We usually think of ATP as a "high energy" molecule because the hydrolysis of ATP to ADP or AMP releases a lot of energy.1 The standard Gibbs free energy change for the two reactions shown in the large figure aren't terribly relevant because, for simplicity, I've left out a key component of the reaction.
Mg2+ ions are an essential part of the reaction in vivo. They are bound to adjacent phosphate groups as shown below and this ATP:Mg2+ complex has different thermodynamic properties than free ATP.
In addition, the standard Gibbs free energy changes aren't very useful when you're dealing with charged molecules and the ATP hydrolysis reactions have charged molecules—even when some of the negative charges are neutralized by Mg2+ ions. That's why it's better to calculate new values of "standard" Gibbs free energy changes in the presence of Mg2+ ions and an ionic strength that's closer to physiological values.
Robert Alberty and his colleagues have calculated the transformed free energies of hydrolysis for many biochemical compounds (Alberty and Goldberg 1992) and those are the values we should use in biochemistry courses.
The table (below right) shows the standard Gibbs free energy changes for the ATP reactions in the presence of 3 mM2+ and ionic strength = 0.25 M. Note that the values are large and negative. That means a lot of energy is given off. This energy can be captured and used in enzyme catalyzed reactions.
If you've been paying attention to the previous postings in this series—as I'm sure you have—you'll remember that standard Gibbs free energy changes don't mean very much in biochemistry. What really counts is the actual free energy change and that depends on the in vivo concentrations of reactants and products.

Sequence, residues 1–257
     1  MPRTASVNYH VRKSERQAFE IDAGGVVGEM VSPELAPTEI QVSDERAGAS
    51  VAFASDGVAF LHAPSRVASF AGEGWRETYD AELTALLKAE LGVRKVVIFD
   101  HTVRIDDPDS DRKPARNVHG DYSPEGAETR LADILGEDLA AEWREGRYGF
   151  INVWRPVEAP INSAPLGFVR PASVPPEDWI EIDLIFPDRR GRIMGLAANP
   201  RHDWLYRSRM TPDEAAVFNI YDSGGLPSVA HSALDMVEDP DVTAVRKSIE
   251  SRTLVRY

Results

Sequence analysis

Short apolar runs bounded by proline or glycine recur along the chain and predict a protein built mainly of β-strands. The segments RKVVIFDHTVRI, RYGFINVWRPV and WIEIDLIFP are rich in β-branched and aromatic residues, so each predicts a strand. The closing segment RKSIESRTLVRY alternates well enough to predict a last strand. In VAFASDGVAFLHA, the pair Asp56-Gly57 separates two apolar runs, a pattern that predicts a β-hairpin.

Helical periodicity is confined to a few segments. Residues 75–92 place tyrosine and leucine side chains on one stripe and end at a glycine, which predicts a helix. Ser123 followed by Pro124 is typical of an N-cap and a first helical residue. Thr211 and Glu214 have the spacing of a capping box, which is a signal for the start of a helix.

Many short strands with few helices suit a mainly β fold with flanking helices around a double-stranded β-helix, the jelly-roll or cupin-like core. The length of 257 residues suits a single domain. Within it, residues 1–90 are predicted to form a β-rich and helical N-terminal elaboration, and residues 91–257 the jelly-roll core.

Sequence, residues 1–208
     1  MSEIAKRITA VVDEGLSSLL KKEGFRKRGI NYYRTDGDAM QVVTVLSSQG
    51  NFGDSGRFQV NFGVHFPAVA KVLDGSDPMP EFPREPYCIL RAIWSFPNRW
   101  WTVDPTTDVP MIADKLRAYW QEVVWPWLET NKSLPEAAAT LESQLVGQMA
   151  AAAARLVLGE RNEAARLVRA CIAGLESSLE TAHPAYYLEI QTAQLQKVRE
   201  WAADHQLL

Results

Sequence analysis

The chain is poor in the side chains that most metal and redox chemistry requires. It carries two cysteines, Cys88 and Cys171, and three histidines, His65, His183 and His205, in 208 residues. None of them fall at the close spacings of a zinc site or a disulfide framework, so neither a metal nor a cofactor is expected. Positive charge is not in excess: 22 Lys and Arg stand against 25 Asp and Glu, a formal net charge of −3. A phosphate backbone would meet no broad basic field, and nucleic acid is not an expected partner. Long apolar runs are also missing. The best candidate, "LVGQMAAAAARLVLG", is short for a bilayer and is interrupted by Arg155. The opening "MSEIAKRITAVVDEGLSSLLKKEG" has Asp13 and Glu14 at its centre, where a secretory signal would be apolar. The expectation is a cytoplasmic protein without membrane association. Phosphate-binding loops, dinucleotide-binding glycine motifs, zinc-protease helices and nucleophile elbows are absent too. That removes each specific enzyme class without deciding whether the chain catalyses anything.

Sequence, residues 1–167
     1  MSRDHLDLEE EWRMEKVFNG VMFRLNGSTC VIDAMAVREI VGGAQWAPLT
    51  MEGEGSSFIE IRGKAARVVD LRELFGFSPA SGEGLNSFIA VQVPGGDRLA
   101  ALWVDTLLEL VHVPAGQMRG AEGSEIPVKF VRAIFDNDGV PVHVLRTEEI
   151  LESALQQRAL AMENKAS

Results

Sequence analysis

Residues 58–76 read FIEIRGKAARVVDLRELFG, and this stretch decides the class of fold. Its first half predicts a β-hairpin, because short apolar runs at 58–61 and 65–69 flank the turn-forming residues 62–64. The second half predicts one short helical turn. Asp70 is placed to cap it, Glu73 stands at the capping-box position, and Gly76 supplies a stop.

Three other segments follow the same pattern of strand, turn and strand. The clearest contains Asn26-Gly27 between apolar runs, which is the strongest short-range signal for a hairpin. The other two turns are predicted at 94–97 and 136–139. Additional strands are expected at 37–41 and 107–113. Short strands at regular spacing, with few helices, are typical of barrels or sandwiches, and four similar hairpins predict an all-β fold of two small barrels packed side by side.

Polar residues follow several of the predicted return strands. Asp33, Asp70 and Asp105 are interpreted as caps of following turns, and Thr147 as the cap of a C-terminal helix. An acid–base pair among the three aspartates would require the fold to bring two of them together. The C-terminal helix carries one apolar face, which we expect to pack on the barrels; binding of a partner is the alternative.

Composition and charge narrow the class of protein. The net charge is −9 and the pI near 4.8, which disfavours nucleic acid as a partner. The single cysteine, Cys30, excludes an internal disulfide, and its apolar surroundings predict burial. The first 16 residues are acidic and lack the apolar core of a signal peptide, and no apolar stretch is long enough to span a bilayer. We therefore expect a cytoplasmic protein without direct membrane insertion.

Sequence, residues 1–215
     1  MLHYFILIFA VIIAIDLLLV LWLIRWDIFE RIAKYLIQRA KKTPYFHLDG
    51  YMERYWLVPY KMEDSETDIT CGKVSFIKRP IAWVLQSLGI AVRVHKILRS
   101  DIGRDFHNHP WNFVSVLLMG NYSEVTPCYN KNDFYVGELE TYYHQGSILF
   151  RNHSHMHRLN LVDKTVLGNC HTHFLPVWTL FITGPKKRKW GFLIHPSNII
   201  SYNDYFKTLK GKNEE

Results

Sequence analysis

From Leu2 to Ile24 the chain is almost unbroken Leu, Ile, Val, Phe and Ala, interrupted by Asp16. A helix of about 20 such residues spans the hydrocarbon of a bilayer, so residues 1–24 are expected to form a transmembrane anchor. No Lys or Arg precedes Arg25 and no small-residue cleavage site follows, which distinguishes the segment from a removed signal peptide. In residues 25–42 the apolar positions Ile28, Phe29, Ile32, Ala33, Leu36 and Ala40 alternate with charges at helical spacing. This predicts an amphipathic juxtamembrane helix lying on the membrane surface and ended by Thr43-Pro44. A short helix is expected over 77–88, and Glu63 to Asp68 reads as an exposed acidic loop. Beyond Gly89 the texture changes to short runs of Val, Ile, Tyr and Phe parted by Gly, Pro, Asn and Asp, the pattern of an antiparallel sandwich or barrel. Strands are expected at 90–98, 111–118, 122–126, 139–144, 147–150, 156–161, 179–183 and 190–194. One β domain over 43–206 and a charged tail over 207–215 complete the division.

ΔGreaction = 0 kJ mol-1.
ATP would be completely useless as a "high-energy" compound if the hydrolysis reaction was a near-equilibrium reaction. That's why these reactions can never be allowed to reach equilibrium. Cells would die if this ever happened.
Most of the reactions that use up ATP are regulated. What this means is that the activity of the enzyme is inhibited if the concentration of ATP falls too much, relative to ADP (or AMP). If the concentration of ATP is always high relative to the products then there's still a large negative ΔG for the reaction and this energy can be used to drive other reactions.
So, we know that the actual Gibbs free energy isn't the same as the standard Gibbs free energy but what is it's actual value? The short answer is that in most cases we don't know. It has to be some large negative value but it's very difficult to measure the concentrations of ATP, ADP, AMP, and inorganic phosphate inside cells.
The situation isn't entirely hopeless since there are some good estimates. Unfortunately the best examples come from rat hepatocytes and erythrocytes1. We don't know if this is typical of all cells (bacteria, plants etc.) or whether mammalian cells are special.
We can calculate the actual Gibbs free energy change for ATP hydrolysis (to ADP) given the known concentrations of reactants and products in rat hepatocytes. The answer is ΔG = -48 kJ mol-1. Thus, the actual Gibbs free energy change is 1½ times the standard Gibbs free energy change. This has important consequences when we try to figure out how ATP is synthesized and where that energy comes from.
There's an easy way to tell the difference between a good introductory biochemistry textbook and the other kind. Check out the standard Gibbs free energy change for the ATP → AMP + PPi reaction. If the value is close to -45 kJ mol-1 then it's probably a good textbook. If the book also mentions that the actual Gibbs free energy of the ATP → ADP + Pi reaction is close to -50 kJ mol-1 then it's almost certain to be a good textbook.
1. I put "high energy" in quotation marks because it's really the Gibbs free energy of the reaction (system) that we're referring to and not an individual molecule.
2. Rat liver biochemistry used to be very popular.
Alberty, R.A. and Goldberg, R.N. (1992) Standard thermodynamic formation properties of adenosie 5′-triphosphate series. Biochem. 31:10610-10615.